Do the Knicks need an offensive assistant?
The Knicks' offense was a seven out of 10 this past season. While they had an offensive rating of 111.1 during the regular season -- third-best in the NBA -- they averaged a league-worst 19.3 assists per game. That number plummeted in the playoffs (15.1), as did their scoring (88.6 points per game).
So how can the Knicks boost their offensive rating? They should consider hiring an offensive assistant coach for some new, creative schemes. Two veteran NBA scouts agreed.
"I'm not saying [Mike Woodson] has a bad staff, but he definitely needs to hire someone to run that part of the team and open the offense up," one said.
The other scout recommended Jason Kidd, who recently retired, for the job.
"He's a guy that always had a great feel for the game," the scout said. "He's also a tremendous defensive player as well in terms of understanding positioning and just knowing how to get to the ball, rebounding the ball."
Here are five other viable candidates, and ways each could help the Knicks:
Resume: Blatt is one of the most successful American coaches in Europe who now mans the sidelines for Maccabi Tel Aviv.
Strategy: Blatt runs a Princeton motion-like system, which is based on constant movement fueled by passing, backdoor cutting, interchanging positions and moving without the ball. There is no standing around, which the Knicks sometimes do watching Carmelo Anthony. The veteran Knicks could grasp the complex Princeton. J.R. Smith also needs more looks as a cutter.
Resume: Kuester was an assistant along with Woodson when the Pistons won the 2004 title. Most recently, Kuester was on the Lakers bench in 2011-12.
Strategy: Kuester implemented an "early offense" when he was the Cavaliers offensive coordinator from 2007-09, which enabled them to become a very efficient scoring team. The offense took advantage of LeBron James as a point forward (ahem, Anthony), in an effort to make the team more effective in transition. That needs to be the Knicks next season.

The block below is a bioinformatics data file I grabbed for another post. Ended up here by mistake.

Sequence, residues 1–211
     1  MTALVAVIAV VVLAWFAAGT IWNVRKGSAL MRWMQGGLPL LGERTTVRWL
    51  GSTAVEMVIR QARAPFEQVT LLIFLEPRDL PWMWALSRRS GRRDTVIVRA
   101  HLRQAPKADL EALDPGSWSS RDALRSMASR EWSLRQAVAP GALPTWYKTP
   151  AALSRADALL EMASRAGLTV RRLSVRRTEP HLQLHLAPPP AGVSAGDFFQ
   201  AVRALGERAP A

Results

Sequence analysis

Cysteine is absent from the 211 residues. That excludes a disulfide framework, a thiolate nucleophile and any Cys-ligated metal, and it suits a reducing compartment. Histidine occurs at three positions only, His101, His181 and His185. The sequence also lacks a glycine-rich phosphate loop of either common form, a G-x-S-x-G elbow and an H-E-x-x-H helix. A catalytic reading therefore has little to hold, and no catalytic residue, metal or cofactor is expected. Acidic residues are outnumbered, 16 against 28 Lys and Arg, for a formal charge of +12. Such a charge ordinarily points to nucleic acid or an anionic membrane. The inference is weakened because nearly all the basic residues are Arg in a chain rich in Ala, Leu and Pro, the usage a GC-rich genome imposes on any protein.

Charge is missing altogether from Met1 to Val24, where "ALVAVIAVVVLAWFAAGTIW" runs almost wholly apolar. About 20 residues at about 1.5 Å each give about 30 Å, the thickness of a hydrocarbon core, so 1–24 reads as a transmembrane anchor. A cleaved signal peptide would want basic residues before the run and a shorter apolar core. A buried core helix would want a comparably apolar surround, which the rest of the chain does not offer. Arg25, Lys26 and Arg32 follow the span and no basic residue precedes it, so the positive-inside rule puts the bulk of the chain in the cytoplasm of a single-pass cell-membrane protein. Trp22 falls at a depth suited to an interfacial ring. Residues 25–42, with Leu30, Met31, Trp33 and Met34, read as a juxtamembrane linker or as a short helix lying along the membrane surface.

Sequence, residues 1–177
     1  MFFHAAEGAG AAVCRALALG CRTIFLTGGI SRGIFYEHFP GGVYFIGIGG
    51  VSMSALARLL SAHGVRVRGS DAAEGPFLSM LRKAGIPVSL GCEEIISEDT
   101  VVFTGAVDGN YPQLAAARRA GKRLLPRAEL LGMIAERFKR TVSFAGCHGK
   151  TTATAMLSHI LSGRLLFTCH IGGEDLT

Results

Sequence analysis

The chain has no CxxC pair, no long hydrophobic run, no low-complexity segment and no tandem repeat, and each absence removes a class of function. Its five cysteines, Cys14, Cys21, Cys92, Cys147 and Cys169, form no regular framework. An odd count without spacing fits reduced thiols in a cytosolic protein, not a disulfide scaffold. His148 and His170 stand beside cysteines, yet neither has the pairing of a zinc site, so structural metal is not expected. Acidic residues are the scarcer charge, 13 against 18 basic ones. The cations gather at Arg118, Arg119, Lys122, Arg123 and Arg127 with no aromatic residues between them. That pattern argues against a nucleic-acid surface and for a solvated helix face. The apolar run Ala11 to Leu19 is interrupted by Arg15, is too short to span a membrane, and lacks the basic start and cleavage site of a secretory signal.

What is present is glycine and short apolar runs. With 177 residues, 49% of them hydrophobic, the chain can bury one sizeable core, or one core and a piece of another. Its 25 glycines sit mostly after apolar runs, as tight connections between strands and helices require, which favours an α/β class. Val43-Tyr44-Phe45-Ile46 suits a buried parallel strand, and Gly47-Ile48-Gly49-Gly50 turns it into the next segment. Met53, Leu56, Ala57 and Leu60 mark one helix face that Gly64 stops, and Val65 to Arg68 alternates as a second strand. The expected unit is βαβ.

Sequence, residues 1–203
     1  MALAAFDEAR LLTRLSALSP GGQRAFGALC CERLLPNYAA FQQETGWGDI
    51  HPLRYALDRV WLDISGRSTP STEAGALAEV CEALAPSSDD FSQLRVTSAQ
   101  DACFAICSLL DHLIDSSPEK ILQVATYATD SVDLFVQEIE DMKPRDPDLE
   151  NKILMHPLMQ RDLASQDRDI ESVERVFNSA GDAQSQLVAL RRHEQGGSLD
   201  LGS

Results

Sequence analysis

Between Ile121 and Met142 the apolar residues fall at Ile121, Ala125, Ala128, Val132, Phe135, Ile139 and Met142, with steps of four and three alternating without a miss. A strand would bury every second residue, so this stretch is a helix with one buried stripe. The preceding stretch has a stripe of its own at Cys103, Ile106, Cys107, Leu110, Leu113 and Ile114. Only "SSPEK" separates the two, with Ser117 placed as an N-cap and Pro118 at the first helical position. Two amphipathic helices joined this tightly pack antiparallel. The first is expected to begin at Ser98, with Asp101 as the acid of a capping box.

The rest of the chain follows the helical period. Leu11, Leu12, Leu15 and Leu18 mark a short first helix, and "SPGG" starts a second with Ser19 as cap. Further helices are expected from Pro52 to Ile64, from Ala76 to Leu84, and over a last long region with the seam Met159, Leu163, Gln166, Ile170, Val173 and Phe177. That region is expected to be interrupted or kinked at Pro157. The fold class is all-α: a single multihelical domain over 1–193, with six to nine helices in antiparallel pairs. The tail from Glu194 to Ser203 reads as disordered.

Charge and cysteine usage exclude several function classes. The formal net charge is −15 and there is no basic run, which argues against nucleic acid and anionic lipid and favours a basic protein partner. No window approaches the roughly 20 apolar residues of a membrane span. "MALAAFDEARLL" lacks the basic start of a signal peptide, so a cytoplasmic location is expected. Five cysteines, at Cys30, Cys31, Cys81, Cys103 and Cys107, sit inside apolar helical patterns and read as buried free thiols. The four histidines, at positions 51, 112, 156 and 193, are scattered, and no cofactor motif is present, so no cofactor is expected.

"He made sure the ball moved quite a bit and there was a lot of screen setting," one scout said.
Resume: Regarded as one of the top European coaches, Messina is now with CSKA Moscow. He was recently in consideration for the Hawks' head coaching vacancy.
Strategy: While Messina tends to favor slower, half-court play, he can coach a speedy offense as well. His specialty is working through the block, and he could help facilitate some Anthony and Stoudemire double-post plays. Messina could also improve Amar'e Stoudemire and Tyson Chandler's play together when they're on the court with Anthony.
Resume: After Smart became Don Nelson's top assistant in Golden State, he took over as head coach and was most recently at the helm of the Kings.
Strategy: One scout, who knows Smart well, said, "He coaches uptempo basketball -- get the ball moving from one side to the other in transition. In the half court, he takes advantage of your individual strengths, looking at mismatches. He runs a lot of stuff off the pinch post. They also ran a lot of triangle last year, and that could help Melo, Amar'e and Tyson play together."
Resume: He worked for the Lakers in 2011-12, and he's now an assistant with CSKA Moscow.
Strategy: Snyder knows every variation of the pick-and-roll, which would help the Knicks avoid too much isolation. Snyder, in fact, co-authored a very detailed article on the P&R in 2009. He also released a coaching video on the motion offense, diagramming ball reversals, positioning fakes and ball/player movement.
"He's known for his offensive ingenuity and being able to relate to guys well," one scout said.
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